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K-State Today

February 14, 2023

Sustainable Intensification Innovation Lab initiative announces first enrollment of students at Haitian Universities

Submitted by Layne Davis

The first cohort of HAUP-CEMARCH undergraduate students in the agricultural sciences started their training at The University of State of Haiti (UEH)  - Agronomy and Veterinary Medicine (FAMV)  in January, 2023.  Photo:  Dr. Jocelyn Louissaint

Through the support and leadership of the United State Agency for International Development, or USAID, and the Feed the Future Innovation Lab for Sustainable Intensification, or SIIL, at Kansas State University, the Haiti Agricultural University Partnership: Center for Mitigation, Adaptation, and Resilience to Climate-Change in Haiti, or HAUP-CEMARCH, project provides educational opportunities for Bachelor of Science students to pursue a degree in the agricultural sciences.

The Faculty of Agronomy and Veterinary Medicine, or FAMV, is one of six Haitian universities in the project, and the first to announce the scholarships to students through the HAUP-CEMARCH program.

"We are excited that this program has started and is moving forward, as it will build the capacity of youth in agricultural sciences, which is critical for economic and social development of Haiti," said Vara Prasad, director of the SIIL, university distinguished professor and R.O. Kruse Professor of Agriculture at K-State. "We truly thank USAID for supporting this important initiative in Haiti.”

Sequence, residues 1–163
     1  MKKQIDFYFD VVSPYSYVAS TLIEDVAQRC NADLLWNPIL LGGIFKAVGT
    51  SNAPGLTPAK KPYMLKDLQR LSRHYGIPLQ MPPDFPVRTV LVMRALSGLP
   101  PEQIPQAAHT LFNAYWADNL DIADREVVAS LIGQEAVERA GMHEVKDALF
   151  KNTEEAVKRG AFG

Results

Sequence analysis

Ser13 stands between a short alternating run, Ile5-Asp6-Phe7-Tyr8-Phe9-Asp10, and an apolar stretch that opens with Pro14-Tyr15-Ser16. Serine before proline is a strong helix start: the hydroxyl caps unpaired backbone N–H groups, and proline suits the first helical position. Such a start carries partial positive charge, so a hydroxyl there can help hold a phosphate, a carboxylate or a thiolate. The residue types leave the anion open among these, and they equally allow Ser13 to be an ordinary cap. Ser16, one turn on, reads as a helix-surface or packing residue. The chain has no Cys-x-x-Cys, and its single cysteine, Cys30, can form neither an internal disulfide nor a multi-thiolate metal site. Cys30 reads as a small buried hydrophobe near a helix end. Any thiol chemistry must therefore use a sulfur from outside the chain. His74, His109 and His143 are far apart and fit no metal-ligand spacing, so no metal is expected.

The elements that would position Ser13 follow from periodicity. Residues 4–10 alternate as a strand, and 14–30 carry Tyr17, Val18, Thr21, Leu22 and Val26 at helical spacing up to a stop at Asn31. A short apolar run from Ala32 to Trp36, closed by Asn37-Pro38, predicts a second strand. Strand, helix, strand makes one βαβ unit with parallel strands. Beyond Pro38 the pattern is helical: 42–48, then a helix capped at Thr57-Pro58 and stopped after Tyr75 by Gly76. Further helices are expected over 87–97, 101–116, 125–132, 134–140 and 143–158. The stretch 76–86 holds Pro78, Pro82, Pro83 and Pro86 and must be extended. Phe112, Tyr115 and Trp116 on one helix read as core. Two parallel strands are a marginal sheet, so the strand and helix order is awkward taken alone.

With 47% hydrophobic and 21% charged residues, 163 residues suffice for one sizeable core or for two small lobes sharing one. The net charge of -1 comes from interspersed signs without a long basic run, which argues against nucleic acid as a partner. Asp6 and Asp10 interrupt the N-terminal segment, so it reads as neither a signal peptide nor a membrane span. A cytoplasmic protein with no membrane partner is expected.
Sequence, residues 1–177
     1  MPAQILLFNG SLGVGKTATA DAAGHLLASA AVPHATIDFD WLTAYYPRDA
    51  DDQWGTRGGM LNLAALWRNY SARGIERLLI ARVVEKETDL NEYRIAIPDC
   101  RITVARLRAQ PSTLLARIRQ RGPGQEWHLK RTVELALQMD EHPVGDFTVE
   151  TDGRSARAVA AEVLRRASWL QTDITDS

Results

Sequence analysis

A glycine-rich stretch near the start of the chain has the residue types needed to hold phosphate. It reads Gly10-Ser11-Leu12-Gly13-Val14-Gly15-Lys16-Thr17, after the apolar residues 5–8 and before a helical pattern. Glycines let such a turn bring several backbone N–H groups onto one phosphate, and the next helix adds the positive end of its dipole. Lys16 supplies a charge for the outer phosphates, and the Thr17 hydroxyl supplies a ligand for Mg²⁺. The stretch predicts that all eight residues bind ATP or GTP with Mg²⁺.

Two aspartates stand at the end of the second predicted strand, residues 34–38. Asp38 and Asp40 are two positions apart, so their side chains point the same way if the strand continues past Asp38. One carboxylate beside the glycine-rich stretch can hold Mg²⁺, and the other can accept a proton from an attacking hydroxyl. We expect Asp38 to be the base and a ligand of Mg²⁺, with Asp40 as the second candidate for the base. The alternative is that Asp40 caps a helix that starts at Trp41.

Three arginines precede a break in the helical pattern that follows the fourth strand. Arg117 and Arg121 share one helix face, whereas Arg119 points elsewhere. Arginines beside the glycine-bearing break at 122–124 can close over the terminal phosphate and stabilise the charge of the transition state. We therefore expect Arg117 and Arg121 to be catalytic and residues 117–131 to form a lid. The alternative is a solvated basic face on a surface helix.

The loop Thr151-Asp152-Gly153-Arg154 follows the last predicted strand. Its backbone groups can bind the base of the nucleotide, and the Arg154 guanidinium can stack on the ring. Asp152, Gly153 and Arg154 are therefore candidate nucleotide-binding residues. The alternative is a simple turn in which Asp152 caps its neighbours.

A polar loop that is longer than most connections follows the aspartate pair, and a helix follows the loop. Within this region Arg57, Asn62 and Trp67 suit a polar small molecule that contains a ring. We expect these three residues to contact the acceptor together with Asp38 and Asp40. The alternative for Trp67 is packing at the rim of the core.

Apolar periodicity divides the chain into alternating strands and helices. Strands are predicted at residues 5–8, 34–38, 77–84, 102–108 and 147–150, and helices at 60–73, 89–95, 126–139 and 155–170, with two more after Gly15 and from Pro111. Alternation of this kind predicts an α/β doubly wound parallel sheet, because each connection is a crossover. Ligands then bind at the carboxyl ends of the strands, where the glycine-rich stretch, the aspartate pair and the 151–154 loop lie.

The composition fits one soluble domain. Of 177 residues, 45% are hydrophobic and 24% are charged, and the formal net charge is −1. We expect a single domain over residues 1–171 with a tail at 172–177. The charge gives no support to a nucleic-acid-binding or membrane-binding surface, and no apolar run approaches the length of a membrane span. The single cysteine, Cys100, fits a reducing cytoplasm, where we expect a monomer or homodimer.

The partnership is a long-term investment made by USAID to advance agriculture-led inclusive economic growth in Haiti. One objective of HAUP-CEMARCH is to strengthen the Haitian institutions that train agricultural professionals, working in partnership with six Haitian universities to develop and establish improved agriculture curriculum. The intent is to have agricultural training in Haiti, by Haitians, for Haitians.

“We are quite excited that our partner universities in Haiti are enrolling students in agricultural majors with the support of the HAUP-CEMARCH initiative,” said Elizabeth Guertal, project director for HAUP-CEMARCH.

Jocelyn Louissaint, dean of the Faculty of Agronomy and Veterinary Medicine, said, "Thanks to the support of this project, the Dean's Office, with the agreement of the board of directors of FAMV, has decided to take advantage of this opportunity by increasing the number of admissions from 100 to 114 for the class of 2022-2027."

In addition to the increase in Bachelor of Science students, funding from partnership will also support a new Master of Science program to be launched in September 2023. New students started their Bachelor of Science training on Jan. 9, attending classes at the university.

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